Asia as a region has lagged behind Europe, in particular, in terms of the development of updated data protection laws. The last few years have seen a real rapid pace of development in this area. We’ve actually had a number of jurisdictions — Australia, New Zealand, Hong Kong, and Japan — which have had data protection laws for quite some time. These are advanced, European-style comprehensive data protection laws, based on the 1980 Organisation for Economic Cooperation and Development (OECD) Guidelines on the Protection of Privacy and Transborder Flows of Personal Data.
There was a bit of a time lag there; the APEC Privacy Framework came through in 2005. Under this, the APEC member economies agreed upon a framework for developing a uniform standard of data protection law across the region. And the focus here was economic; the focus is on building consumer confidence in e-commerce and across border-data transfers, and achieving that through agreeing a common standard of data protection compliance across the region.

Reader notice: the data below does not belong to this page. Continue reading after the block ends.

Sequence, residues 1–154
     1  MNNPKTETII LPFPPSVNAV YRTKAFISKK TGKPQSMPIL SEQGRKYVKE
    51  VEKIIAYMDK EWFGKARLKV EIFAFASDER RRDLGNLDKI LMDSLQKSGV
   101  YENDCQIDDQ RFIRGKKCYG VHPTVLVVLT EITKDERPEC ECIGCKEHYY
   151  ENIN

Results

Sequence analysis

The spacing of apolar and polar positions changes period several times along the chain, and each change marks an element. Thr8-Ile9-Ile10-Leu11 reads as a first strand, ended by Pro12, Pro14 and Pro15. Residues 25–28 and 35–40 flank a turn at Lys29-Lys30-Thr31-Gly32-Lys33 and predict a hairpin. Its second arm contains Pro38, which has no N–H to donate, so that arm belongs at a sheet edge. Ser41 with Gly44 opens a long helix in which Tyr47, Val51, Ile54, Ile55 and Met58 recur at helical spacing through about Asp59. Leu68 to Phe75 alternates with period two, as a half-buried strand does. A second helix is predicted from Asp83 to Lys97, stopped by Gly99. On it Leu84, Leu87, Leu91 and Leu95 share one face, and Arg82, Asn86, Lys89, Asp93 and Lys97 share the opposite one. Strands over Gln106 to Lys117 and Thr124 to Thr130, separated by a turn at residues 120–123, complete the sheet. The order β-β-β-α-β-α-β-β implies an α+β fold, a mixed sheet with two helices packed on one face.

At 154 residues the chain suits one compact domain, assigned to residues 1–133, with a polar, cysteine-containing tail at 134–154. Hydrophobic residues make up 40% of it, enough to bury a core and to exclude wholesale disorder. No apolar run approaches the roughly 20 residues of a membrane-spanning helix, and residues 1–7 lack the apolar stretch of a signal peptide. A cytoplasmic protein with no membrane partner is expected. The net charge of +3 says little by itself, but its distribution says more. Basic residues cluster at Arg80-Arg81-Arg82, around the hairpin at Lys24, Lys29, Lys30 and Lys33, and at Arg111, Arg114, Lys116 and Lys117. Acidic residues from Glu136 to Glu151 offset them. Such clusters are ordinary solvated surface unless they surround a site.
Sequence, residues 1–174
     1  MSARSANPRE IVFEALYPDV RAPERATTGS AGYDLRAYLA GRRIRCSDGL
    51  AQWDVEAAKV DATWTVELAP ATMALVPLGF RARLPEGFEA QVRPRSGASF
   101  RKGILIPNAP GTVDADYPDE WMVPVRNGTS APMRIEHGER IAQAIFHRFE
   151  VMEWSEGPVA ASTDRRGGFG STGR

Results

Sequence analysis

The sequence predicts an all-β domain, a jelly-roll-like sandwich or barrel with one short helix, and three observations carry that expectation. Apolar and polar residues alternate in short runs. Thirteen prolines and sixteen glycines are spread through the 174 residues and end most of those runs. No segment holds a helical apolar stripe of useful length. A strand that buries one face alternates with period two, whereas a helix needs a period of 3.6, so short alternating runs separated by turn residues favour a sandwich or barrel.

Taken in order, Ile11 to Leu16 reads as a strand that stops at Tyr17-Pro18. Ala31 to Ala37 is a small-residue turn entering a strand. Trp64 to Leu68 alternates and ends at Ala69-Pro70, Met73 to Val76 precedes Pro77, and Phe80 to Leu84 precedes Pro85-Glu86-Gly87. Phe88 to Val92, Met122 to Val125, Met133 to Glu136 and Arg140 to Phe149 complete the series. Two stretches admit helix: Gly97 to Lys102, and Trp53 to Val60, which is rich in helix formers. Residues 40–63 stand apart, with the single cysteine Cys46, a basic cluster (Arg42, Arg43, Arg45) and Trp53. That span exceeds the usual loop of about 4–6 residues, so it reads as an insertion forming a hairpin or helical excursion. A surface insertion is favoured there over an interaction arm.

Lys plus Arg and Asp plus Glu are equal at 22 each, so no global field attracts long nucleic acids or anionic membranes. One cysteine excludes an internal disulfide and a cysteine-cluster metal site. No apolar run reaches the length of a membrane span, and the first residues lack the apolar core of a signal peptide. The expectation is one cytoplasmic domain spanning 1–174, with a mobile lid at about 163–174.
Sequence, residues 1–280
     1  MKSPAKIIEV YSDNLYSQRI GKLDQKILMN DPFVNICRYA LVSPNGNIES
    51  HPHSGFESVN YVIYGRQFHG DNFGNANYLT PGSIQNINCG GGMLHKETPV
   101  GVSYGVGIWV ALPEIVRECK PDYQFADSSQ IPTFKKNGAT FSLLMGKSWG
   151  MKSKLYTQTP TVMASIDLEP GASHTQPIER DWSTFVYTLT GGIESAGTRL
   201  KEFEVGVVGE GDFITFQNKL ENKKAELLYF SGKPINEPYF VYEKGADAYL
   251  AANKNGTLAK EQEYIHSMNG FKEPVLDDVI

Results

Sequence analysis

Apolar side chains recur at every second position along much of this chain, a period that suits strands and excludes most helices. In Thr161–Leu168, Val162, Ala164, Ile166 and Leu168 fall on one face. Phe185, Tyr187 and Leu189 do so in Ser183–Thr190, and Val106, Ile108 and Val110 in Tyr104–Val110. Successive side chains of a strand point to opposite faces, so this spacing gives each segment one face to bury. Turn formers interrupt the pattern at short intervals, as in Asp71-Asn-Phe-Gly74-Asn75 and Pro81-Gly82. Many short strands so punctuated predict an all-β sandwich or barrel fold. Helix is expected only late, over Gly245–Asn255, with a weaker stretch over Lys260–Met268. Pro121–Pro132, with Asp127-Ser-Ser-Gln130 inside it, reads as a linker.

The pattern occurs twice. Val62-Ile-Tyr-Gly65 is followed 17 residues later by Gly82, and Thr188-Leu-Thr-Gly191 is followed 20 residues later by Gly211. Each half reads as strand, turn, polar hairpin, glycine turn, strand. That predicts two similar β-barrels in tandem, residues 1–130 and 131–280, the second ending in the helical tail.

What we saw in the aftermath of the APEC Framework was a flurry of new comprehensive laws across the region. South Korea, Taiwan, the Philippines, Malaysia, and Singapore have now all adopted comprehensive European-style data protection laws.
The European model is a consent-based model for data protection regulation where data is regulated on the basis of general data protection principles across industry sectors without distinction.
So with that, we’ll also mention India. India is not an APEC member, but it, too, joined the comprehensive regulatory fold in 2011 with the introduction of its Information Technology (IT) Rules, which also introduced formal data protection regulation to India.
Source: JD Supra